Supreme Court out of public favor after controversial term

Ariel Cohen Contributor
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After releasing a slew of controversial end-of-term rulings, the United States Supreme Court is at an unprecedented low in public opinion.

A Rasmussen Report poll finds that 30 percent of the American public rate the Court’s performance as “poor.” Just 28 percent of those polled believe that the Court is doing a “good” or excellent job,” and 39 percent rated the court as “fair.”

During the last two weeks of the 2013 term, the Supreme Court released controversial decisions on affirmative action, voting rights and same-sex marriage, decisions that generated much dissent.

Just four years ago, Supreme Court approval ratings were at an all-time high, at 48 percent. Since then, the high court’s rating has steadily declined. Today’s approval ratings are even lower than when the Supreme Court released its extremely controversial Health Care  decision in 2012.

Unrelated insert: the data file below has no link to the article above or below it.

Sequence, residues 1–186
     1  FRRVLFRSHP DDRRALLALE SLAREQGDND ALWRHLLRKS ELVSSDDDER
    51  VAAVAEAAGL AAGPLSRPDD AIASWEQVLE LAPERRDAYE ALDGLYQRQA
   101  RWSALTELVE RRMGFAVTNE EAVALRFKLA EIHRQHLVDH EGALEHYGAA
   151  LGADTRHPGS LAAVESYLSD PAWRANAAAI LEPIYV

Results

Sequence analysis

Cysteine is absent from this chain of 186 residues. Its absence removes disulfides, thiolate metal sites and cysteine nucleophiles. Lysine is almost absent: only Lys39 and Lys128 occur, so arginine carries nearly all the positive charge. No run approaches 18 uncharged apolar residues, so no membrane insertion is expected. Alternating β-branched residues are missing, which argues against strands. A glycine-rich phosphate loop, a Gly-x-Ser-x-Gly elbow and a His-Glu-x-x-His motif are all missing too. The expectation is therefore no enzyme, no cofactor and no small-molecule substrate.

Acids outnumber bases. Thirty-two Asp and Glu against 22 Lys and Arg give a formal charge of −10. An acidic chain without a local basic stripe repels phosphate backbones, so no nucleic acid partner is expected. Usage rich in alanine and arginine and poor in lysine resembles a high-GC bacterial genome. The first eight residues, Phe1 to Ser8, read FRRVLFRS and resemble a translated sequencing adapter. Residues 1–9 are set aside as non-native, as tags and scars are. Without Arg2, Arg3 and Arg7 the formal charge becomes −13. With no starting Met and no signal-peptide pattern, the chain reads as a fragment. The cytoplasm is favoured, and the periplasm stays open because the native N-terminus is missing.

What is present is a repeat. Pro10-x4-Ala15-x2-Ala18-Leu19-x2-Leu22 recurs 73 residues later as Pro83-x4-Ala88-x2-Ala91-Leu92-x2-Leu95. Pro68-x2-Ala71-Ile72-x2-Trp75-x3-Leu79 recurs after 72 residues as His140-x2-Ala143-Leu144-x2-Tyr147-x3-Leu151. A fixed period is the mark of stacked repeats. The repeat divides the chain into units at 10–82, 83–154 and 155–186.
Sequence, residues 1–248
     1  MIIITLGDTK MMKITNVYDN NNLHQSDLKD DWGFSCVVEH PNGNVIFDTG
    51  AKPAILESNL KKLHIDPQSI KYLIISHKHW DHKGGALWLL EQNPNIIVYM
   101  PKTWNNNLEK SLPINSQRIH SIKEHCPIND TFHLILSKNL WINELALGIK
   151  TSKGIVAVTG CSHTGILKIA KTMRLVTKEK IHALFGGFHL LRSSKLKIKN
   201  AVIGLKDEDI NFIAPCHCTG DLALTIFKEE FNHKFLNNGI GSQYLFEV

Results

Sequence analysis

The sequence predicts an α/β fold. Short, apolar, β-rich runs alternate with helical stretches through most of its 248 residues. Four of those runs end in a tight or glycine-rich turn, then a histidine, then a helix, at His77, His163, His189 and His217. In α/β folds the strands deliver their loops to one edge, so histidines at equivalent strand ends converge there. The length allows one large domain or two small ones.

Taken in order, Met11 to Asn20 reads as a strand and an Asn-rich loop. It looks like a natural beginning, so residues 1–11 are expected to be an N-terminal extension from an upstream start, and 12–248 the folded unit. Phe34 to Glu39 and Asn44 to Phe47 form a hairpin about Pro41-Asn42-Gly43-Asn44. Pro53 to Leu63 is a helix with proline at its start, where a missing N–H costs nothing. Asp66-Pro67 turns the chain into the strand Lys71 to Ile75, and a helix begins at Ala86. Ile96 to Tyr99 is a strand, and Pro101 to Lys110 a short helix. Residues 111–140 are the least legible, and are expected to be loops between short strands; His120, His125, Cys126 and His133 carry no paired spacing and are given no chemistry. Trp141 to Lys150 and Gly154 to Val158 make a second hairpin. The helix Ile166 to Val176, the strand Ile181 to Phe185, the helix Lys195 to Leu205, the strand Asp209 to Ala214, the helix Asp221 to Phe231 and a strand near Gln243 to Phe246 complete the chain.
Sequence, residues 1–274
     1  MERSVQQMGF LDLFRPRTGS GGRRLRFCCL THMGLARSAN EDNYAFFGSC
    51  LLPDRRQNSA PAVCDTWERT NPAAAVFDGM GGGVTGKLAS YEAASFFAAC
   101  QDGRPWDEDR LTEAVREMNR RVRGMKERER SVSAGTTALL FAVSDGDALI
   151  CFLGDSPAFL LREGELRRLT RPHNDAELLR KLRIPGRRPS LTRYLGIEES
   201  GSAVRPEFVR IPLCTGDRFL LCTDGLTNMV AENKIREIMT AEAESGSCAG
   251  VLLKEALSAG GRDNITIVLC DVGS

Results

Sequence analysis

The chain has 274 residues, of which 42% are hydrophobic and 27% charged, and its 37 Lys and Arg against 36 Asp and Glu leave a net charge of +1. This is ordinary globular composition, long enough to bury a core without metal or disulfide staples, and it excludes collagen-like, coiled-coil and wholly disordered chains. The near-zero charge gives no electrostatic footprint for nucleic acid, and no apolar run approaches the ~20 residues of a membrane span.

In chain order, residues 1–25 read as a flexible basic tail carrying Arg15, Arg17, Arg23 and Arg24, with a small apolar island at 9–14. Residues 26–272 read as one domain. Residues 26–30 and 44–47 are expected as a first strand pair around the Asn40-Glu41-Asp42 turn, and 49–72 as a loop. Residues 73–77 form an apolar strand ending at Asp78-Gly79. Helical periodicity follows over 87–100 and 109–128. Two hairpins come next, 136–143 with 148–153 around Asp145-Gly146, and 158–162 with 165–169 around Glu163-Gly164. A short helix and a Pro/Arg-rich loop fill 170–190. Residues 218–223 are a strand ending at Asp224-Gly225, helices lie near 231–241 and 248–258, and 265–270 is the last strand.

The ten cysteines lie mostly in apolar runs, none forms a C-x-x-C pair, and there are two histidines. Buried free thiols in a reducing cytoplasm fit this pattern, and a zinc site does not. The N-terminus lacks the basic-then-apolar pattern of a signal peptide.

Just before the Court released its final decisions last week, 30 percent of Americans polled gave the Court “good” or “excellent” approval ratings. While the change may seem minute, it also represents an ideological shift. Positive ratings increased among liberal voters by 13 percent, whereas they fell among conservative voters by eight percent.

Of those surveyed, over 39 percent of voters believe that the Court is too liberal whereas 24 percent find it too conservative

The survey, conducted by Rasmussen Reports, polled 1,000 likely voters.

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